I first met Todd Perelmuter in his New York office, an airy sunlit place that feels more like a Japanese garden than a Manhattan office building. I had seen him speak a few months before at a conference on stress-management and his inspirational message resonated with me in my fast-paced, and often stressful, job as a journalist. I immediately called up his people to arrange an interview. When I arrived at his office, he humbly greeted me himself, invited me in and poured me a cup of herbal tea as he began to recount the story of how he unexpectedly found himself on a spiritual journey that would change not only his life, but the lives of countless others.
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The year was 2012. Todd was the youngest award-winning Creative Director at the world’s largest ad agency in New York City. It was the job he was working towards for most of his life. Every week was filled with parties and upscale bars. He was being wined and dined by vendors hoping for his business. He was being invited to and honored at advertising award shows in places like Las Vegas and the French Riviera. He lived in a luxury high-rise apartment building in the center of Manhattan making a solid six figures. His dating card was full and there was never a dull moment. At the time, he thought life was perfect and couldn’t get any better. Well, except for the hangovers the next morning and the damage he was doing to his body.
On the surface, everything was perfect. But one day when Todd arrived at work, he noticed his team was quietly gathered in a small office. Todd went in to find out a dear coworker of his had committed suicide. He was in shock. The man seemed like a very happy husband and father of two. No one could believe it. The guy left work Friday as if nothing was wrong, and then on Monday morning the office learned he was sitting in his car parked inside his detached garage on Sunday afternoon when he ignited 20 tanks of propane in the back of his SUV, causing an explosion that sent a fireball into the sky that could be seen from miles away.
Todd had heard lots of stories of suicide in his industry, but this was the first time it hit so close to home. He couldn’t stop thinking about what would drive a person to do this. The man was only a little older than Todd and he seemed to have everything. Todd wondered, “Is this where my life is heading?”
The rest of the day Todd reflected on his life, his friends and his coworkers. He thought of how many of them were working too hard, drinking too much, eating too poorly, and sleeping too little. He realized they all had too much stress and too little fulfillment. They were constantly chasing fleeting external pleasures, but never getting true, lasting, inner happiness. They were just jumping from one distraction to the next so that they never had to look inward and see just how empty their lives really were. They confused full schedules for full lives.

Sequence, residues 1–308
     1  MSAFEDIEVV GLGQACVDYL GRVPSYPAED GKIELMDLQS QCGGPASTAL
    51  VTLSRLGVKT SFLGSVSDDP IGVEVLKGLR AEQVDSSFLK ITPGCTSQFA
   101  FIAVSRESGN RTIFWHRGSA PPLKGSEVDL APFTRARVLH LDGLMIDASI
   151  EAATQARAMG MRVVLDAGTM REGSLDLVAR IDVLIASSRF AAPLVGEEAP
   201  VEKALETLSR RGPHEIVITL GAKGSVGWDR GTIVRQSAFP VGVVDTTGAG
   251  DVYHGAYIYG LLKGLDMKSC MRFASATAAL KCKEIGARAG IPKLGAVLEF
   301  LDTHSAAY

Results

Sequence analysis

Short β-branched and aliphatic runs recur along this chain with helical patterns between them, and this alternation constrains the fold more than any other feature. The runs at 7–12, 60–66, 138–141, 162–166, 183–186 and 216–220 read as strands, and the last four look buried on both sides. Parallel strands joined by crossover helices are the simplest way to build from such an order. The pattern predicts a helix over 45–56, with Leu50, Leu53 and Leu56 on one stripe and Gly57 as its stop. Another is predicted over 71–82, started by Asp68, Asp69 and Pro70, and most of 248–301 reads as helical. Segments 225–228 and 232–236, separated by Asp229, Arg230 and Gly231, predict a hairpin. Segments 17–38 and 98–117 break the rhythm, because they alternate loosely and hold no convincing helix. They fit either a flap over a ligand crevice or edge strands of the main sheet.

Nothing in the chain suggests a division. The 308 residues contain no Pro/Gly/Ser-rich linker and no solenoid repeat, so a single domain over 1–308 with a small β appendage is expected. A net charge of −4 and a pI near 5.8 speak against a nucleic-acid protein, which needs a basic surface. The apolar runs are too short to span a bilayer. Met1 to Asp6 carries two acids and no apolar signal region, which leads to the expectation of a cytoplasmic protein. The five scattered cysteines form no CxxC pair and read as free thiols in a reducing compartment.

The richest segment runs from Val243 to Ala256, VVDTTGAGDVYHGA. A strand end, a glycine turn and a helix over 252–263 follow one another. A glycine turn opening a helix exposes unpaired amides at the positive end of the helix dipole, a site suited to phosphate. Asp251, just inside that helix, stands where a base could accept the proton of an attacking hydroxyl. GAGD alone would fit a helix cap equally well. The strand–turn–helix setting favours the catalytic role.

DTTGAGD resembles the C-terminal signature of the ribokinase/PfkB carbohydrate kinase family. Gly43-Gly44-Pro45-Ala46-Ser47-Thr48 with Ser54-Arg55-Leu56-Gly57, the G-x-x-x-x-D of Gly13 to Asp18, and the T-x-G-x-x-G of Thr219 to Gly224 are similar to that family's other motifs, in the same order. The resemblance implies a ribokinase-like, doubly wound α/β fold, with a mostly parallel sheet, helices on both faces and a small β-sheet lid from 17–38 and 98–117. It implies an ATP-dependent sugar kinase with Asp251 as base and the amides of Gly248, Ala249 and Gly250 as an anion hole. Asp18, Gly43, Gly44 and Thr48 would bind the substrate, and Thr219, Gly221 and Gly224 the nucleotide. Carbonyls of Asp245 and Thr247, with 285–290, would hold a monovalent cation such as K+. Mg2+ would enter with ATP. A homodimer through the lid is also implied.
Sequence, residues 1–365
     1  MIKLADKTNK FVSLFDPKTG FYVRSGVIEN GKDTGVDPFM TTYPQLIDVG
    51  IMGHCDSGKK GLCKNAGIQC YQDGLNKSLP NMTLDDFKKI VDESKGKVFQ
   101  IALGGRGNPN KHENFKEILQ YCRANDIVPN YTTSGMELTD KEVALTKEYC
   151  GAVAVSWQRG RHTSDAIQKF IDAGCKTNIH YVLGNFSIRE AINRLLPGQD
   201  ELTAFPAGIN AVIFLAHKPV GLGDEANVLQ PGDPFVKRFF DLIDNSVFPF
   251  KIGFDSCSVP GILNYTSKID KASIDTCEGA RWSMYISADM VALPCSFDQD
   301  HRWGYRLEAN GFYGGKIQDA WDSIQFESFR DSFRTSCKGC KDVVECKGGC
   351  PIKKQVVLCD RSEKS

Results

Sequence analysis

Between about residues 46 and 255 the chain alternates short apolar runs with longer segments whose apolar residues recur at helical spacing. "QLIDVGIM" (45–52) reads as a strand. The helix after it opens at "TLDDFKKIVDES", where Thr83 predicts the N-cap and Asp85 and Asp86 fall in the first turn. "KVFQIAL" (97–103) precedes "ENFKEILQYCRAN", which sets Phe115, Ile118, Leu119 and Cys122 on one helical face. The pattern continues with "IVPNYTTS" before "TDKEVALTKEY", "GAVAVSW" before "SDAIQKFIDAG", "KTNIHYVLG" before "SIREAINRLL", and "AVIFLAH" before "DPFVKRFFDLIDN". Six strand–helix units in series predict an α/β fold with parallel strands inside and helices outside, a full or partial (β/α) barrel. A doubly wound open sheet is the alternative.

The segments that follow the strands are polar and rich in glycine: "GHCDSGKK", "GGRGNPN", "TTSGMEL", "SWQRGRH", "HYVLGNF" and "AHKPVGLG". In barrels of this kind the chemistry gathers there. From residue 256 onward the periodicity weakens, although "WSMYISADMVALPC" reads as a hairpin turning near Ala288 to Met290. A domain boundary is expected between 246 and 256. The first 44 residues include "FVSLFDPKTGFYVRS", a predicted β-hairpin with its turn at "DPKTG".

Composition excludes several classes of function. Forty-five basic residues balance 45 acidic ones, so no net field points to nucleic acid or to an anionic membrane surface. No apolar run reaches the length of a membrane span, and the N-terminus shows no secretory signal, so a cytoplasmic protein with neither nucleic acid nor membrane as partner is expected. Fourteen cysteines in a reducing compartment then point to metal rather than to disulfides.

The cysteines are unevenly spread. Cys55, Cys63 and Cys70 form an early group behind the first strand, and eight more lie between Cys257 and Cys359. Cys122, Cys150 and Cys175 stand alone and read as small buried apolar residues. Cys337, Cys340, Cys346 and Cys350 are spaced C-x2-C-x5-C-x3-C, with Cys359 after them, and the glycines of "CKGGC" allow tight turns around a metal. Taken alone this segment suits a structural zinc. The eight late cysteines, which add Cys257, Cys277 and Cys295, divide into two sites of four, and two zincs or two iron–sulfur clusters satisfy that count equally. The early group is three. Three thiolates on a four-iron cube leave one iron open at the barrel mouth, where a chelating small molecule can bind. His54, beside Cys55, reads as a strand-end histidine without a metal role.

That was the day Todd decided to quit his job. He didn’t know what he was going to do, but he knew there was more to life than the work, play, sleep cycle and he was determined to figure out what that was. Soon after that tragic day, he went into his boss’s office and handed in his letter of resignation.
Over the next couple weeks, Todd gave away his belongings, gave up his apartment, and bought a one-way ticket to India. He had studied Western religions in great detail, but he knew almost nothing about spirituality and felt strongly drawn to the East. He had no plan but he trusted the answers would present themselves at the right time.
Once in India, the spiritual capital of the world, his path became clear. Everyone he met was telling him about some amazing guru he had to meet or some incredible ashram he had to go see.
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He would go on to spend the next 9 years living with gurus in ashrams around India, with Buddhist monks and lamas in monasteries across northern India and Southeast Asia, and with shamans in tribes and jungles throughout South America. He learned everything he could about meditation, their spiritual philosophies and rituals, their practices and beliefs.
Towards the end of his 9 life-changing years, he went off into the middle of a forest in New Zealand to meditate in complete isolation for 50 days. It was during this time that his life and purpose became clear.
After his 50 days, Todd headed back to the U.S. where he founded the non-profit organization, EastWesticism, so he could share everything he’s learned with people who don’t have the time or resources to drop everything they’re doing and take 9 years off from their lives. His goal, he tells me, is simple: help everyone have a stress-free, peaceful and calm mind.
When we look around us, we see a world addicted: to phones, work, sex, gambling, unhealthy food, drugs, alcohol, social media, video games, TV, news, gossip, caffeine, porn, shopping, smoking and so on. The list is endless. Todd points out that it’s no wonder we don’t have peace on earth, the majority of us don’t have peace in our lives. When most of us do find a moment of peace and quiet, we find it so unsettling that we immediately find something to disturb it.
From what Todd’s learned on his spiritual journey, and from the response he gets from businesses and people he’s worked with, he knows we can work without stress, love without limits, and find joy in the quiet stillness that lies within each of us. When we rediscover this ability, when we become more aware and present, every aspect of our lives improves.